Nationals Arm Race

"… the reason you win or lose is darn near always the same – pitching.” — Earl Weaver

So…. what the heck do we talk about?


Its been a whirlwind few weeks, I tell you.

With today’s announcement that Virginia schools are now closed for the rest of the school year, I thought i’d chime in.  Virginia was not the first state to take such drastic measures, but certainly won’t be the last.

We’ve already had the NCAA shutter all spring sports, including baseball and the far-too-early-but-now-seemingly-sensible cancellation of the College World Series in June.

We’re also basically at a point where its likely that all prep sports around the country will be cancelled as well.

Its amazing.

I’ve covered the CWS for years, covering prep baseball in the DC/MD/VA areas is an annual tradition; not in 2020.  There’s nothing.

My son’s little league?  Probably gone.  He’s in a critical development year in the 7-8yr old range; this will set back his class for years to come.

So, now the question is … when do you think MLB will return?  Will it?  Do you think we’ll be past this crisis by the all Star Break in mid July?

If this stretches into August … and the players need a 4-week spring training … what time is left?  Would you run a season for a month and a half?

There’s all sorts of articles about service time, negotiations ongoing, etc.  To take a simple example: what would you do with Mookie Betts and the Dodgers if the season goes poof?  Both sides have pretty decent arguments:

  • Betts would argue he was blocked from fulfilling his end of the contract and should be a free agent.
  • Dodgers would argue that they traded assets to acquire  him and never got a day of playing time out of him so he should play another season for htem.

What a mess.

Any predictions out there?

My hope is for a mid-July restart, then a two month sprint of a season Aug and Sept (60 games or there abouts), maybe entirely within division, to determine the conventional playoff slat of 5 teams/league.  It will be an entirely unbalanced schedule but so be it.  I’d exactly pro-rate a “year” of service time to the actual days played (meaning if they do a 60-day season that’s the new 182-day “service year prorated so that each 2020 day is worth 3 non-2020 service days).  Yeah the teams like the Dodgers that acquired players get screwed, but they’re also paying pro-rated salaries thanks to natioanl emergency clauses and force majeure clauses in contracts.  Not fair to all players … but everyone takes a hit.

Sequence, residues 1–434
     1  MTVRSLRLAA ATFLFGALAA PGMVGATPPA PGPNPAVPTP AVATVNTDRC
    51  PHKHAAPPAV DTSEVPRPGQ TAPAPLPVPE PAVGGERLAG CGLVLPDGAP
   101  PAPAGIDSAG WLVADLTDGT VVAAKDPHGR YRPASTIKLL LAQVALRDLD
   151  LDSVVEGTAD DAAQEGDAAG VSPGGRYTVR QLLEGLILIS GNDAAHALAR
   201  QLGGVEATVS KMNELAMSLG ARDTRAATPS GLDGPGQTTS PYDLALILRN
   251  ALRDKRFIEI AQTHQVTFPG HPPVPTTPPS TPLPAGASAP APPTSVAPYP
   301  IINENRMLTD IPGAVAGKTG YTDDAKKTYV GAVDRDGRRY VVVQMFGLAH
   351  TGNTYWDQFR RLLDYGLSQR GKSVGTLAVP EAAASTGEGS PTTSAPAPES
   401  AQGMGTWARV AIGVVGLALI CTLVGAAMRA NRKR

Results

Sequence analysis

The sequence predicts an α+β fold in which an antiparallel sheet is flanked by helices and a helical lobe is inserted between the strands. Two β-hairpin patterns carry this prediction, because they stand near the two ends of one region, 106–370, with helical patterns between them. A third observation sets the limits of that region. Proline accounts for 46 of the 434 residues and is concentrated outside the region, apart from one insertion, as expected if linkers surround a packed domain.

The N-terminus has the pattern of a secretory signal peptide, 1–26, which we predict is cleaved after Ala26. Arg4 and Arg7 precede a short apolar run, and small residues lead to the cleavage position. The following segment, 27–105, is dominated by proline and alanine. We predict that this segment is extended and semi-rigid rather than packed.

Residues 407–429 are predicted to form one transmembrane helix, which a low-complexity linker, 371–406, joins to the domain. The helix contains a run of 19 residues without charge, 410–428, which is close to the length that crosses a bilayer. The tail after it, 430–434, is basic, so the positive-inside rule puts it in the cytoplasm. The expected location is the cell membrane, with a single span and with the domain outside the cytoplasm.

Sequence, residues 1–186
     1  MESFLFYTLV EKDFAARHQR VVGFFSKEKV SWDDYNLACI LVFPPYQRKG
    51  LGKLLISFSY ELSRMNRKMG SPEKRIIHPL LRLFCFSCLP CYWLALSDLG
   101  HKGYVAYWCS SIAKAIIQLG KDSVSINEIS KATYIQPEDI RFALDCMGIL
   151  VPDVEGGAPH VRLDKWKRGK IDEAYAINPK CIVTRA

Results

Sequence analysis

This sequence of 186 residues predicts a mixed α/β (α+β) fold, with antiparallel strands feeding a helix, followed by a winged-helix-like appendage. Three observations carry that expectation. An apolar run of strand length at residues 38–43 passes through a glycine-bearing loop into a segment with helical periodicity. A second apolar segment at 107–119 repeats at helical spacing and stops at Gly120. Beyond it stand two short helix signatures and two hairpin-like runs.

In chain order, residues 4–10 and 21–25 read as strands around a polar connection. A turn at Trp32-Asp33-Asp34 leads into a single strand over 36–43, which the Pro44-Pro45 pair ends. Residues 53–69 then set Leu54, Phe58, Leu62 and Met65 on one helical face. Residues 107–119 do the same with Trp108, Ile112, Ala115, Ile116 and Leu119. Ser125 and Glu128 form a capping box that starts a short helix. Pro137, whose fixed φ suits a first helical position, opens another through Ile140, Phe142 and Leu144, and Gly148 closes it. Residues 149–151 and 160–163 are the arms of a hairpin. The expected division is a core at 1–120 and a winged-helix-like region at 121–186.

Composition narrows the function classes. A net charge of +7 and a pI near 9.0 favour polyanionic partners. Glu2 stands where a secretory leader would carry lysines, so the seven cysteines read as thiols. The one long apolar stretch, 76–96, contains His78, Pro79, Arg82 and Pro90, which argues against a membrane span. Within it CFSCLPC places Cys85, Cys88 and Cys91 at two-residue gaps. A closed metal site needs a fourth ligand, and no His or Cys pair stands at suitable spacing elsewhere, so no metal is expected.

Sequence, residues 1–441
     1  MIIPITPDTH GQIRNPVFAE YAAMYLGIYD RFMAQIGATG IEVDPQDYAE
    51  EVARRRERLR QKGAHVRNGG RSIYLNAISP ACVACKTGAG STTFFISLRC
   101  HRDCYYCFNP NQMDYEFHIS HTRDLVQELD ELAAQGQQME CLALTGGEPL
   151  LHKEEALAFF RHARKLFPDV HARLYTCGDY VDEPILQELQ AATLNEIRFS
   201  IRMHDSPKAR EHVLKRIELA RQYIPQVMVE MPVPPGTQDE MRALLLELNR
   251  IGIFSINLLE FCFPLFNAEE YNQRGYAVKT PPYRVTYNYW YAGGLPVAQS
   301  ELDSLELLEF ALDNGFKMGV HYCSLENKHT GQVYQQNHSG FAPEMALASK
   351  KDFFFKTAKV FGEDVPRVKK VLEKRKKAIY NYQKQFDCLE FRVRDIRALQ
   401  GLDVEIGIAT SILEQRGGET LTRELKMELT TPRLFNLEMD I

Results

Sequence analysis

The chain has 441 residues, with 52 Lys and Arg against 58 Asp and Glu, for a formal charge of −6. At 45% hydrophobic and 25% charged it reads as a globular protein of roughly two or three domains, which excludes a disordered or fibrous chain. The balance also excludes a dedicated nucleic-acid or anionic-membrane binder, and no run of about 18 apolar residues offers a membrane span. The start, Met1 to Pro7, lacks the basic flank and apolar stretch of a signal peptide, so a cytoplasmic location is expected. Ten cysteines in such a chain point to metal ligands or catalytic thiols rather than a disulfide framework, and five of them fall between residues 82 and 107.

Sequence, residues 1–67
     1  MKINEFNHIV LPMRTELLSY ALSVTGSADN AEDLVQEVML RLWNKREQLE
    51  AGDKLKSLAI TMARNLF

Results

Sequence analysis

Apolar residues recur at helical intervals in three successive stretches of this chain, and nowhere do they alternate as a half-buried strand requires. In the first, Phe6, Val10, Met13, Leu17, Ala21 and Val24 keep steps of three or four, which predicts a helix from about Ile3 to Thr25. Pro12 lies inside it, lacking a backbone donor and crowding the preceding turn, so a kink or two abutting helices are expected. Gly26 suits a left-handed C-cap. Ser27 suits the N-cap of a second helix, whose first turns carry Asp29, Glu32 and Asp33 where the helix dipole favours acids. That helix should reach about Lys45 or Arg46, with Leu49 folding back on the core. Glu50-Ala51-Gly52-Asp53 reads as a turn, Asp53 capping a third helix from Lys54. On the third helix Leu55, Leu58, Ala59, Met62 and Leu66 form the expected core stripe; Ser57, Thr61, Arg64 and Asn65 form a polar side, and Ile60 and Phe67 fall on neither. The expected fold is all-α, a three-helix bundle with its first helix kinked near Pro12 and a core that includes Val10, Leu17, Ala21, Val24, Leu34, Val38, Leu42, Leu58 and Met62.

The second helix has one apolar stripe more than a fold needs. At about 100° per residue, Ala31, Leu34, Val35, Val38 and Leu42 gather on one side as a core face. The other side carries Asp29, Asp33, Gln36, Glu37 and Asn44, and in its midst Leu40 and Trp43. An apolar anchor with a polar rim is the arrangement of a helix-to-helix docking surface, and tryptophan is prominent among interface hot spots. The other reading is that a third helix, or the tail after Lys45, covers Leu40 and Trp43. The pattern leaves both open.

Written by Todd Boss

March 23rd, 2020 at 8:33 pm

9 Responses to 'So…. what the heck do we talk about?'

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  1. A good question Todd.
    A friend has a son who pitches for William & Mary, they played 17 games out of 56. Then they were granted another year of eligibility which really felt right.
    I hope your son gets to go to school for the whole summer.

    Mark L

    24 Mar 20 at 4:15 pm

  2. Yeah I feel like the NCAA did the right thing. I read that VHSL is considering a summer HS season for its spring teams. that’d be awesome.

    Todd Boss

    25 Mar 20 at 9:25 am

  3. Byron Kerr is using the time to catch us up on pitching prospects, as he sometimes does well, and better than most. I love how he draws from the coaches and instructors, who always have more to offer than the pundits (who half the time are getting second hand data from their unnamed sources).